I want make an animated
.gif from an
.mp4 video. I would prefer to do it from the command line, so please only list command line tools.
Extract Images from Video
Create a directory called frames in the same directory with your
.mp4file. Use command:
ffmpeg -i video.mp4 -r 5 'frames/frame-%03d.jpg'
-r 5 stands for FPS value for better quality choose bigger number adjust the value with the -delay in 2nd step to keep the same animation speed %03d gives sequential filename number in decimal form
cd frames convert -delay 20 -loop 0 *.jpg myimage.gif
-delay 20 means the time between each frame is 0.2 seconds which match 5 fps above. When choosing this value 1 = 100 fps 2 = 50 fps 4 = 25 fps 5 = 20 fps 10 = 10 fps 20 = 5 fps 25 = 4 fps 50 = 2 fps 100 = 1 fps in general 100/delay = fps -loop 0 means repeat forever
Docs: convert gif options
You will end up with an rather big file, have a look at the image magick guide to optimize gif on options you can add to the second step command to obtain a smaller file.
ffmpeg 3.4.4 can do it directly on Ubuntu 18.04
You likely want to use something like:
sudo apt-get install ffmpeg wget -O opengl-rotating-triangle.mp4 https://github.com/cirosantilli/media/blob/master/opengl-rotating-triangle.mp4?raw=true ulimit -Sv 1000000 ffmpeg \ -i opengl-rotating-triangle.mp4 \ -r 15 \ -vf scale=512:-1 \ -ss 00:00:03 -to 00:00:06 \ opengl-rotating-triangle.gif
Test data generation procedure described on this post.
A more direct:
sudo apt-get install ffmpeg ffmpeg -i in.mp4 out.gif
also works, but the output GIF would be way larger than the input video, because video formats compress intelligently across frames.
ulimit -Sv 1000000: set a maximum 1Gb memory size for the program.
Mostly me ensuring that the command is not using unlimited memory like certain previous attempts.
500Mb makes ffmpeg fail to load shared libraries... time to upgrade your RAM?
-ss 00:00:03 -to 00:00:06: start and end time to cut the video from.
No, GIFs are not the best way to
piratedistribute videos online.
-vf scale=512:-1: make the output
512pixels in height, and adjust width to maintain the aspect ratio.
This is common use case for images for the web, which tend to have much smaller resolution than video.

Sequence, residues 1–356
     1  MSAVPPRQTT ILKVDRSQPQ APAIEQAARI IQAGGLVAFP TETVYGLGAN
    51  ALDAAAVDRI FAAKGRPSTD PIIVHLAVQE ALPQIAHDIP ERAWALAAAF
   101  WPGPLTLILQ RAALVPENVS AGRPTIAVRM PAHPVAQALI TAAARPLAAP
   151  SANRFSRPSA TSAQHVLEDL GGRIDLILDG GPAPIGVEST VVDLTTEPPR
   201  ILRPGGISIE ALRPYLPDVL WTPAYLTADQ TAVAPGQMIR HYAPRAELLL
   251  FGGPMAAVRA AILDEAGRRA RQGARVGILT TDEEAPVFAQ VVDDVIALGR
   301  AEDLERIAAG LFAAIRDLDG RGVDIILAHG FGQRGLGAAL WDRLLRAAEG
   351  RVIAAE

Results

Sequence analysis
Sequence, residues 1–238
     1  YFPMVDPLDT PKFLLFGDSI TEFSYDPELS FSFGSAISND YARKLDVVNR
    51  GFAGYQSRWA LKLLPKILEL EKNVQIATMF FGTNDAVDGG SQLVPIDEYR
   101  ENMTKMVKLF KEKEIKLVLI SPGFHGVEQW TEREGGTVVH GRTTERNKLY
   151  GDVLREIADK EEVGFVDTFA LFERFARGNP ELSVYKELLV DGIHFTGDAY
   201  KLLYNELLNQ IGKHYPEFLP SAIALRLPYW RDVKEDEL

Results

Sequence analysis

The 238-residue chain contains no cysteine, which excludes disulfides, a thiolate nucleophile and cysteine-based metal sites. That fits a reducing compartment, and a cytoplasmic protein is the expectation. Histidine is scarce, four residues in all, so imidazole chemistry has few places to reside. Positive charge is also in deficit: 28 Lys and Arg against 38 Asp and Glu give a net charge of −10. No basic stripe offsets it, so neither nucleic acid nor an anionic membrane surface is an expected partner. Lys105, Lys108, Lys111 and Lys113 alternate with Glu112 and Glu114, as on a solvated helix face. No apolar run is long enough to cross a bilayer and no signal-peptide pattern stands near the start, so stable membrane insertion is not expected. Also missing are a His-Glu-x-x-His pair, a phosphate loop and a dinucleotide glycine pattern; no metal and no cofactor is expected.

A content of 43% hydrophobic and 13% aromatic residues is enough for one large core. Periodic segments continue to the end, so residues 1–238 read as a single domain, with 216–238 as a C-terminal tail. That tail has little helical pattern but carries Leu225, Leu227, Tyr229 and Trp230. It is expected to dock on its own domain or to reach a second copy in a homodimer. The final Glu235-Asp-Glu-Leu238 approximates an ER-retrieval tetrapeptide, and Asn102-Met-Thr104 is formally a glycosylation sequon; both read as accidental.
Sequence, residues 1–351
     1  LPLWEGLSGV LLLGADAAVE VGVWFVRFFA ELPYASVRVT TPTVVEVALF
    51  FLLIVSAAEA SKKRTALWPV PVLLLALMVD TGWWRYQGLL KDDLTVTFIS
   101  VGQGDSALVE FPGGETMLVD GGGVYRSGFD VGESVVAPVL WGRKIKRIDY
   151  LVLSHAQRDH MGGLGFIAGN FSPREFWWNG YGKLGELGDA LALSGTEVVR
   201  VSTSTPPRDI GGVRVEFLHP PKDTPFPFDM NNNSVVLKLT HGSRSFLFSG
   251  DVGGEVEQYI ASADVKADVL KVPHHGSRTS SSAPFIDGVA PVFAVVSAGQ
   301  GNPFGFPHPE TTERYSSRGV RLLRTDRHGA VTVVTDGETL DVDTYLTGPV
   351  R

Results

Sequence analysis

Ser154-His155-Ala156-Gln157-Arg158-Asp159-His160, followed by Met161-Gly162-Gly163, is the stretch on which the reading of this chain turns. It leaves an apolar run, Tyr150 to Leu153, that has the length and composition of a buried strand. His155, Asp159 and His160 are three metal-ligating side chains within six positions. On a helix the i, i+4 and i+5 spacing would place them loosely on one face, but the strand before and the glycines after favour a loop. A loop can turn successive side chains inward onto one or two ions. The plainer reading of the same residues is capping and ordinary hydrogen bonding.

If you remove this option, the output GIF has the same height as the input video.
The original video height can be found for example with
ffprobe: https://superuser.com/questions/595177/how-to-retrieve-video-file-information-from-command-line-under-linux/1035178#1035178 and is 1024 x 1024 in our case.
-r 15: sampling FPS.
For example, the original video was 30 FPS, so
-r 15means that
ffmpegwill pick one frame in every 2 (
= 30 / 15).
The perceived output FPS is adjusted to match the input however, so you won't notice a speedup, only greater granularity.
The input FPS can be found with
ffprobe, and the total number of input frames can be found with
mediainfoas explained at: https://superuser.com/questions/84631/how-do-i-get-the-number-of-frames-in-a-video-on-the-linux-command-line/1044894#1044894
I recommend this option because video formats usually have a higher framerate due to the larger resolution. With smaller GIFs, the lower framerate is less noticeable, and so we can skip some frames and make smaller GIFs.
Before pre 18.04:
convert one-liner without intermediate files
ffmpeg could not handle GIF previously. The best I had was something along:
sudo apt-get install ffmpeg imagemagick ffmpeg -i input.mp4 -r 10 -f image2pipe -vcodec ppm - | \ convert -delay 5 -loop 0 - output.gif
Explanation of some of the arguments:
-loop 0: add the Netscape Gif extension Loop count field to the output. 0 means infinite loop as described at: http://www.vurdalakov.net/misc/gif/netscape-looping-application-extension
firefoxand chromium all loop infinitely by default even without it, so I'm not sure how necessary it is anymore.
-delay 5: time waited before showing the next frame, in hundreths of second, as described at: https://en.wikipedia.org/wiki/GIF#Animated_GIF byte 324. So
100means 1 FPS,
1 / 0.5 == 20FPS.
Even if you reduce the height and framerate, the output GIF may still be larger than the video, since "real" non-GIF video formats compress across frames, while GIF only compresses individual frames.
convert input.mp4 rpi2-bare-metal-blink.gif
worked, but almost killed my computer because of memory overflow, and produced an ouptput 100x larger for my 2s 1Mb input file. Maybe one day ImageMagick will catch up.
Tested on Ubuntu 17.10.
gifify is an all-in-one node-based utility that simplifies the conversion. It depends on
imagemagick which are all available in the repos.
Once you have
npm installed you can install
gifify globally with:
npm install -g gifify
A video can be converted to a .GIF with:
gifify video.mp4 -o video.gif
You can also optionally set a start and end position in the video and add a text caption:
gifify clip.mp4 -o clip.gif --from 01:48:23.200 --to 01:48:25.300 --text 'we are the knights who say nip!'
❗️ It can take several minutes for the conversion to complete even with smaller videos.
imagemagickmight need to be compiled with some specific libraries (i.e. libass and fontconfig accordingly).